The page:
Nchindas(servants)[edit]

The Nchindas (servants) enroll into the service of the palace, undergoing rigorous but shrewd training for more than ten years though it has greatly reduced to a few years due to the requirements of the formal education system. There are two types of Nchindas: those to serve the Ngumba and those to serve the Fon. Nchindas graduate from the palace after gaining knowledge and used to the way peace and order is maintained in the village. Upon graduation, a porcupine spine is stuck into his cap. After graduation the ex-nchinda enjoys some privileges: Succeeds their father, Honoured with traditional title, given wives by the Fon, Accompany the Kwifon to funerals and enjoy the privileges thereof (food and drinks).[2]

Sha'atang (Annual Cultural Festival[edit]

The Sha’atang epitomizes the Mbaw-Yakum people because it is a period of communion and reunion. Before the coming of the Christmas, villagers knew that they had to buy new dresses for their children during Sha’atang. Before the reign of Fon Ghogomu, death celebrations of late Fons were frequent often provoked by problems that threatened the welfare and health of the Fondom. In such situations, the gods of the land were always consulted. A common answer was that one of the late Fons was angry that the villagers have neglected him for long. An eleven days of ceremonies (to usher peace) was then observed and the celebration carried out. If after this a similar revelation was made of another Fon, another death celebration was carried out immediately, so that a lot of time for farming and other gainful activities were lost this way. Because of this Fon Ghogomu suggested to the Kwifon that the celebration of all late Fons could be jointly done, once a year. i.e. an Annual Cultural Festival. This period is a week of peace (retreat) when there should be no quarreling, fighting, shouting and farming. The rest of the period could therefore be used for farming and other gainful activities since this is done once a year.[2]

Economy[edit]

Fishing in Bambalang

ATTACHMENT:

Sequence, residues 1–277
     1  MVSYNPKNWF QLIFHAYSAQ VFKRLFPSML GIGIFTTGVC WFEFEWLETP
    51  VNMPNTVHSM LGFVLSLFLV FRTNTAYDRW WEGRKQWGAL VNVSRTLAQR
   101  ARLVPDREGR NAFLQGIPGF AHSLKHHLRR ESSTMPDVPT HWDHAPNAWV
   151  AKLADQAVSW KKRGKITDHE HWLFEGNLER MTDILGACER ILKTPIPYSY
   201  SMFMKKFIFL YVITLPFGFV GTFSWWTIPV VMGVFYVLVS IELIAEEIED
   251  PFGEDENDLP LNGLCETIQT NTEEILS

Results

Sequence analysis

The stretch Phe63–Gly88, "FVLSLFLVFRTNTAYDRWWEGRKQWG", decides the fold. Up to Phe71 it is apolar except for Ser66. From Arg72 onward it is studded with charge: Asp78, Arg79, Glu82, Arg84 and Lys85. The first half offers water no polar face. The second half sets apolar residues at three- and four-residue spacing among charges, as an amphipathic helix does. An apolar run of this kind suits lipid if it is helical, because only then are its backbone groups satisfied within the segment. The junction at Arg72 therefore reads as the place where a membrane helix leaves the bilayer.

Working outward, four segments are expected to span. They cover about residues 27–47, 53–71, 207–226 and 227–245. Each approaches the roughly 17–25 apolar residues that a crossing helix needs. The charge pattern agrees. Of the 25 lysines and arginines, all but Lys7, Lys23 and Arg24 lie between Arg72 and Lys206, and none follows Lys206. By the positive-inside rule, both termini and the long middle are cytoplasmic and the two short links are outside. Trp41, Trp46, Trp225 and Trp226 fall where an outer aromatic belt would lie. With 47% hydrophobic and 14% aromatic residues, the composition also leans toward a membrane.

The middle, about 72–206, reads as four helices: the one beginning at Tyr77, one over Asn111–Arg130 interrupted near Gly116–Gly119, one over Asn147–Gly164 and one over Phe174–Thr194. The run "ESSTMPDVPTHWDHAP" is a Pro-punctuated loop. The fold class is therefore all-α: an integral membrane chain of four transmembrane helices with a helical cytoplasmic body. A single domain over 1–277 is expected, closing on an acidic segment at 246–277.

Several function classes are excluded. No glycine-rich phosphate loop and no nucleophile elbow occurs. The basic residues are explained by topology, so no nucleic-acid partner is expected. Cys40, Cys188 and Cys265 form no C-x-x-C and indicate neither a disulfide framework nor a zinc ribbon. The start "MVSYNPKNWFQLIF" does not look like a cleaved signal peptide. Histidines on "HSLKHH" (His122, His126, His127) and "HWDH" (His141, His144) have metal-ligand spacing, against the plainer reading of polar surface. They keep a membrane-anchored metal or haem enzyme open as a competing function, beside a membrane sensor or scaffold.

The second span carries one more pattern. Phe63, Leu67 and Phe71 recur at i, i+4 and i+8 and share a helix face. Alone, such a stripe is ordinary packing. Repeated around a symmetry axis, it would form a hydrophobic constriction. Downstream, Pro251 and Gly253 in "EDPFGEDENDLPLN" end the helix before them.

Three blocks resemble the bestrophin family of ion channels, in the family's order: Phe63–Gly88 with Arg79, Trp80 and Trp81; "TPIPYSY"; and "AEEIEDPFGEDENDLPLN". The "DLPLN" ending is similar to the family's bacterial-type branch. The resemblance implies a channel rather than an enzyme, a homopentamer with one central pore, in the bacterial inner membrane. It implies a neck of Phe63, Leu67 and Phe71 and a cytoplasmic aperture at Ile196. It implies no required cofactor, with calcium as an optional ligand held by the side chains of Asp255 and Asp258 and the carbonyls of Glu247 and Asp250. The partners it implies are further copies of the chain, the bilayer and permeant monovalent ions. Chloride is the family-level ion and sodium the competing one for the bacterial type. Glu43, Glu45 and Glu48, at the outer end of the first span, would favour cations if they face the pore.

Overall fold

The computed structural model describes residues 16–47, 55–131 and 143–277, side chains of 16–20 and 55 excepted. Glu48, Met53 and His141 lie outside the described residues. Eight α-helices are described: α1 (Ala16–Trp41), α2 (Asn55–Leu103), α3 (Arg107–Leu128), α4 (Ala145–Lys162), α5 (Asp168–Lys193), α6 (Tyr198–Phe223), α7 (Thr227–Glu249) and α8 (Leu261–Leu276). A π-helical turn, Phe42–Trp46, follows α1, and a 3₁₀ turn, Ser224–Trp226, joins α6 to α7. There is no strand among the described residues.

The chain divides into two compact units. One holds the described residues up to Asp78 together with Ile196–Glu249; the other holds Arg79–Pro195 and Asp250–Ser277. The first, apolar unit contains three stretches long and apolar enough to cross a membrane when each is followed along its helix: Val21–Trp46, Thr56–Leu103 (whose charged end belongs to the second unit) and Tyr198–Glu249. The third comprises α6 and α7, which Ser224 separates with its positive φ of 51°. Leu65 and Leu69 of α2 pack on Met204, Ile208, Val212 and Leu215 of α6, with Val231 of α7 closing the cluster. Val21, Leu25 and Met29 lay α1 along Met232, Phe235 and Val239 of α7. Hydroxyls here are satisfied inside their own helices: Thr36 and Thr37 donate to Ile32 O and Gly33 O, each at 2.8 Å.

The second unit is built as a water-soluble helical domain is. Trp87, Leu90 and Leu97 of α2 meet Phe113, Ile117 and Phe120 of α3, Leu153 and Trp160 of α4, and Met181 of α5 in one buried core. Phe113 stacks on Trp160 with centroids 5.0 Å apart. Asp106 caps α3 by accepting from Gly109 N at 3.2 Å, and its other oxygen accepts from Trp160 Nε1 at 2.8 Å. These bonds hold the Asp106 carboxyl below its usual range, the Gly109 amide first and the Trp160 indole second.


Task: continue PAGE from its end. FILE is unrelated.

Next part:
The people of Bambalang village are mostly involved in agriculture especially the cultivation of groundnuts and maize. Groundnuts cultivated in Bambalang (contri groundnut) are unique in shape and taste, being found nowhere else. The people of Bambalang also participate in fish farming which is one of the main income generating activities.[citation needed]

Tourism[edit]

Sandy Beach of Mbissa, Bambalang

Movement in and around Bambalang is aided thanks to good road network though not tarred. The earth road is constructed with gravel that makes it possible to move freely. There are several touristic attractions in Bambalang including the Sandy Beaches of Mbissa Island where an ecotouristic site have been constructed attracting visitors from around the world.

The construction of a Royal Museum in the Fon's Palace has boosted the attraction of the Palace to visitors who come in their numbers to see for themselves artifacts. Prominent among the artifacts found in the Royal Museum is a walking stick that was used by Fon Shomitang I. Fon Shomitang's corpse was never seen as he told his kinsmen that whenever the walking stick is seen without him, they should know he is no more. The Minister of Arts and Culture, Professor Narcisse Mouelle Kombi, disclosed during the 2016 edition of the sha'atang the imminent insertion of the Mbaw-Yakum (Bambalang Palace Museum Project) into the United Nations Educational Scientific and Cultural Organisation, UNESCO, Project. He was marveled especially by the combination of tradition and modernism in architectural blend that gives the palace a unique attraction for tourists. He equally promised the training of museum attendants and financial assistance for the renovation of the palace if means permit.[3]

Politics[edit]

With the return of multi-party politics in 1990 most Bambalang people became excited. There were accusations and counter accusations between militants of the ruling party CPDM and militants of the SDF. The S.D.F provoked those in the C.P.D.M, calling them embezzlers and enemies of progress. In early 1990 only die hard C.P.D.Ms openly militated in their party. On the other hand, the C.P.D.M militants looked at the S.D.F as rebels and vandals who were out to create havoc and having nothing to offer. Today in Bambalang these extreme views have been dropped. The Fon HRM KEVIN SHOMITANG II (a supporter of the party in Power, the C.P.D.M) has called on his people to rethink the raison d’etre of politics and to embark on politics for development. Bambalang village is home to Prof. Paul Mingo Ghogomu, a politician who was appointed Director of Cabinet at the Prime Minister's office in 2009.[2]

Notable residents[edit]

References[edit]

  1. ^ "3rd RGPH 2005" (PDF). Archived from the original (PDF) on 2017-12-16. Retrieved 2016-07-17.
  2. ^ a b c d e f g h i j k l m n o Ghogomu, Ezekiel Nkonki (2009). Outline history of Mbaw-Yakum.
  3. ^ Cameroon Web. "Bambalang Palace Museum Acknowledged by UNESCO". CameroonWeb. CameroonWeb. Retrieved 20 November 2016.

Further reading[edit]